"Nature is imagination itself"
Rather than telling you what I think the session will be like for you, better that you hear it from someone who's been and tried it - and even better still - someone who didn't know anything about it in the first place! The huge benefits and growing importance of connecting with nature has started to become mainstream, so try to overcome any preconceived ideas of tree-hugging and just come along and try it for yourself. As journalist Olivier Guiberteau recently wrote, he realised that Shinrin-yoku had begun to “nurture a link I hadn’t even realized needed repair”.
When my friend suggested we go Forest Bathing one Saturday morning, I admit I had no idea what that was. Thoughts of hippies hugging trees popped into my head, and actually, if the past ‘plugged-in’ year working from home was anything to go - I thought I for one could benefit from getting back to nature, whatever that entailed.
But forest bathing is so much more - it’s a modern form of preventative medicine developed in Japan in the 1980s to address the rise in burnout and depression among Japanese executives. The morning promised to be grounded in science rather than folklore!
So I decided to leave my worries in the car park and ventured on this mini adventure through a still and dappled forest with Justine as our wise and wonderful guide. I don’t want to spoil any surprises for the uninitiated, but the experience was holistic and enriching. I left feeling reconnected with a sense of contentment and renewed optimism that had faded during the craziness of the past year.
Thank you, Justine, for introducing me to forest therapy - nature’s gift to us all. Mandy Cooper - Nower Woods - October 2021
I had a visit recently from a journalist from my local newspaper, the Caterham Independent. Here's what Rosalind had to say about her experience with Shinrin-yoku, as well as my other passion, breathwork:
Conscious connected breathing
In the tranquility of her cosy Garden Room, which she uses for her breathwork sessions, Justine Clement explains to me that conscious connected breathing has an abundance of physiological and emotional benefits, including lowering blood pressure, boosting the immune system, aiding sleep, reducing anxiety and much more.
The 40-minute exercise Justine then takes me through demonstrates just what a difference this breathing technique can make. I am revitalised: my blood is practically fizzing its way through my veins, reeling from the huge kick of oxygen I’ve provided it with.
Justine, who lives in Caterham, has been practising breathwork for 15 years and appreciates the improvement it has made to her health:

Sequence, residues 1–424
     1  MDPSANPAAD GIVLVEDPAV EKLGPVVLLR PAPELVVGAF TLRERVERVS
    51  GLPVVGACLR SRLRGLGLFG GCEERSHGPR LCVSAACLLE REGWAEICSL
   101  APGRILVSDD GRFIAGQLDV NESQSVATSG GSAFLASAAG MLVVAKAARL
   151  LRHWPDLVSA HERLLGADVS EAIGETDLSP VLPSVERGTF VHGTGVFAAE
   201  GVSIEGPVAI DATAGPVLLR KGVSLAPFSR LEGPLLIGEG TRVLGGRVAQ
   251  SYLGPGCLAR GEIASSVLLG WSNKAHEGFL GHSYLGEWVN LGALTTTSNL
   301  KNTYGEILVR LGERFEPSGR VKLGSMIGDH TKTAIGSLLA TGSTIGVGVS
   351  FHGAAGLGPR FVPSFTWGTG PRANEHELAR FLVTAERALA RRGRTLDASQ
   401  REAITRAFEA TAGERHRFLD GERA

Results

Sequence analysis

“I’ve not been ill since starting regular sessions and, although moments of stress are inevitable in life, I bounce back from them much more quickly than I could before.”
Breathwork is just one part of Justine’s wellbeing toolbox: she is also a skilled practitioner of forest bathing, through her business Wonderwoods. It’s well-known that connection to the natural world is crucial to our quality of life, but it’s something many people have now lost touch with. Shinrin-yoku (literally ‘bathing in the forest’) emerged in Japan in the 1980s as a way to reconnect city dwellers with both nature and themselves.
Justine and I spend a blissful, sun-filled afternoon in the ancient Great Church Wood, Woldingham. She guides me along our chosen path with gentle suggestions that invoke my senses, and allow me to notice the smallest details around me in a way I’ve never done before. Again, the health benefits of spending time among trees are plentiful, and the whole experience makes me immensely grateful for the beautiful woodlands we are blessed with in this part of Surrey.
Justine’s aim is to help those struggling with stress, anxiety and health issues:
“I want to equip people with the tools to cope with that, as well as boost their immunity. Breathwork, along with reconnecting with nature through shinrin-yoku, is a great way to do that.”
For more details, or to book a breath session or forest bathing experience (or a combination of the two), please email email@example.com
Did you know most people spend their lives breathing incorrectly? Babies do it perfectly: taking big belly breaths that oxygenate their blood, and expel carbon dioxide. As we get older, most of us end up taking shallower chest breaths, leaving us utilising only around 30% of our total lung capacity. Breathing is fundamental to creating the energy we use so, by not doing it properly, we’re making it harder for our body to function at its best.